BONN (Dec. 2)
Western observers and East Berlin’s small Jewish community are closely watching the trial in an East Berlin district court of neo-Nazi thugs accused of an anti-Semitic attack on a Protestant church that maintains friendly relations with Jews.
The trial amounts to the first acknowledgement by the (East) German Democratic Republic that neo-Nazis are indeed active in what the authorities like to call the “first anti-fascist state on German soil.”
The accused are members of a “skinhead” group charged with storming the Zion Church in East Berlin last October, inflicting serious injuries on some members of the congregation. They broke into the church shouting “Jewish pigs” and “send the Jews to the chambers.”
“Skinheads,” youthful roughnecks who shave their heads, wear Nazi-like uniforms and wield chains and other weapons, are a phenomenon that has surfaced recently in the West, including the United States. Most of these groups are vocally and violently anti-Semitic.
The state prosecutor has demanded prison sentences of 14 months to two years for the neo-Nazis. A verdict is expected some time next week.
CHARGES NEVER HEARD BEFORE
According to observers, the charges against the group have never before been heard in the East German courts. East Germany has repeatedly claimed that neo-Nazism and anti-Semitism are “capitalist” manifestations that do not exist in the communist Democratic Republic.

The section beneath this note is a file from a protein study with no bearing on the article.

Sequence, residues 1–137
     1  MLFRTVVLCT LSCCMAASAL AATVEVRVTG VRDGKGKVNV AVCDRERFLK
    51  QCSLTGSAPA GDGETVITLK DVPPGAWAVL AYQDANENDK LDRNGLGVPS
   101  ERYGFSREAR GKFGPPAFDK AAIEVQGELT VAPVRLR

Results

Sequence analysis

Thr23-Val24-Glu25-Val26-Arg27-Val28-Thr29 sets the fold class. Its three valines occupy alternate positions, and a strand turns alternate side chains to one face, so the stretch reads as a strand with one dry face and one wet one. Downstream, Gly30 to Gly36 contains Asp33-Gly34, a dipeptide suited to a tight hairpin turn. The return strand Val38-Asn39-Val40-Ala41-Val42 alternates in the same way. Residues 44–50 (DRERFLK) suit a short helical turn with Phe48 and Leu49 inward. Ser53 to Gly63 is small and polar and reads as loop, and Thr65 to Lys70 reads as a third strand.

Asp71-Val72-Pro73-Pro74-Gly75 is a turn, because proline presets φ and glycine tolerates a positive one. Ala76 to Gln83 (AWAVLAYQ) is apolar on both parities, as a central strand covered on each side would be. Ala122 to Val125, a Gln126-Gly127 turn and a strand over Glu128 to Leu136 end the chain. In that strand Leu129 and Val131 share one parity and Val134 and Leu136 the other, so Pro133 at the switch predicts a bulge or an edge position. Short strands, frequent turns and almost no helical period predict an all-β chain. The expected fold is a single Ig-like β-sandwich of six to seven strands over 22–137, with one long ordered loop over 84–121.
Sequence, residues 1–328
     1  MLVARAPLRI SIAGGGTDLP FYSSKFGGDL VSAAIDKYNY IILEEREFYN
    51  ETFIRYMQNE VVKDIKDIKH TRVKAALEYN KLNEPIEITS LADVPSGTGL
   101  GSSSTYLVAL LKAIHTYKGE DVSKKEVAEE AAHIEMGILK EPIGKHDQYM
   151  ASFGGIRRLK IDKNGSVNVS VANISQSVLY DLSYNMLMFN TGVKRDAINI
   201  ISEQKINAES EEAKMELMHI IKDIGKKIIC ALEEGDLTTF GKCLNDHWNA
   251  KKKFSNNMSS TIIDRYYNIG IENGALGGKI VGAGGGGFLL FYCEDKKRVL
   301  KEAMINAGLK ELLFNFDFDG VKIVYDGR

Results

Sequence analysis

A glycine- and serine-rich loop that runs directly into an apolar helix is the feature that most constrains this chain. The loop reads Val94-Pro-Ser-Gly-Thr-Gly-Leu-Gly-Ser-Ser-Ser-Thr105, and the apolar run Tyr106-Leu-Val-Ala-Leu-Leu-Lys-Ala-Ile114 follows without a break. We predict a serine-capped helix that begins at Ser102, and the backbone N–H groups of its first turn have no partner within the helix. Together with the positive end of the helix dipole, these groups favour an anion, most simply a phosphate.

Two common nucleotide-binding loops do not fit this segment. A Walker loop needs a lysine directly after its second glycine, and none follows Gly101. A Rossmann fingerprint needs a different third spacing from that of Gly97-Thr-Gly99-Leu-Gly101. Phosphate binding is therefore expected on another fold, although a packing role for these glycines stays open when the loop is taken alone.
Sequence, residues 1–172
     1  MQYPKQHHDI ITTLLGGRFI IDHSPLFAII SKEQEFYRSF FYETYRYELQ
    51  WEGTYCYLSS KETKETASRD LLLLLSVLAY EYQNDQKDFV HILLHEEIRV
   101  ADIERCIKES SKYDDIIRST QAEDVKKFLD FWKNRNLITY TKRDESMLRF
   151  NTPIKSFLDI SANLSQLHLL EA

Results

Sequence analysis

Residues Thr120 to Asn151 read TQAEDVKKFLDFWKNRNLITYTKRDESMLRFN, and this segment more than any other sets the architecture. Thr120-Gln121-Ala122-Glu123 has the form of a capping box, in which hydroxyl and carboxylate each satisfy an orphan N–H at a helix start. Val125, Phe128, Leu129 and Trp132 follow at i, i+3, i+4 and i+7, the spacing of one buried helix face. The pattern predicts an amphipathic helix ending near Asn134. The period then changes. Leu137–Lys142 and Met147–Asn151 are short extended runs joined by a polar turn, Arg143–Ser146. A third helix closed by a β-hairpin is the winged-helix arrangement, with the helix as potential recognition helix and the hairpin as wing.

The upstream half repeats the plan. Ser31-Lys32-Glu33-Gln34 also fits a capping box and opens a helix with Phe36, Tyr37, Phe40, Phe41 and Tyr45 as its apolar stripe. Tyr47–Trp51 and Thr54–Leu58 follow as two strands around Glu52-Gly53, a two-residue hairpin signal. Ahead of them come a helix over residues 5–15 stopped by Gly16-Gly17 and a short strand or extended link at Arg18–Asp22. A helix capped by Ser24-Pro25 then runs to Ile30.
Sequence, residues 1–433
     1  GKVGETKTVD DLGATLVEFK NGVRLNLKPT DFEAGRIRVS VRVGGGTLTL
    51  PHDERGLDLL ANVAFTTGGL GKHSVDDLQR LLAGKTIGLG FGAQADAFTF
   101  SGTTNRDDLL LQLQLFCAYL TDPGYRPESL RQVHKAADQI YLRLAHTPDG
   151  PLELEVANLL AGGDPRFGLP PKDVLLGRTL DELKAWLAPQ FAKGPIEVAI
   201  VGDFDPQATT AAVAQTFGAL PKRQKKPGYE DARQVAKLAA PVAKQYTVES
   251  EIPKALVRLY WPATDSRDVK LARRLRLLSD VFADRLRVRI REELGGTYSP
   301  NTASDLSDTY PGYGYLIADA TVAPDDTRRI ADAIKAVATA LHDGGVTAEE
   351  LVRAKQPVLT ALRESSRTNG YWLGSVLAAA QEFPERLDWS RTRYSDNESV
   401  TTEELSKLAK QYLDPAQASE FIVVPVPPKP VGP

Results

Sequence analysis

More recently, the authorities charged that East German neo-Nazi activists. Western reporters say they have seen on many occasions East Berlin municipal workers rushing to erase swastikas on walls and buildings.
The Zion Church has been promoting Christian-Jewish dialogue and its leaders have warned of recent outbreaks of anti-Semitism in East Germany. The East Berlin Jewish community was seriously disturbed last week when the secret police, Stassi, arrested several church activists in East Berlin and elsewhere and confiscated books.
For a time it was feared the crackdown would extend to the Jewish community. But members of the community told the Jewish Telegraphic Agency Sunday there seems to be no immediate threat. The Police action was seen as a warning to opposition groups in East Germany that enjoy some degree of support by the church.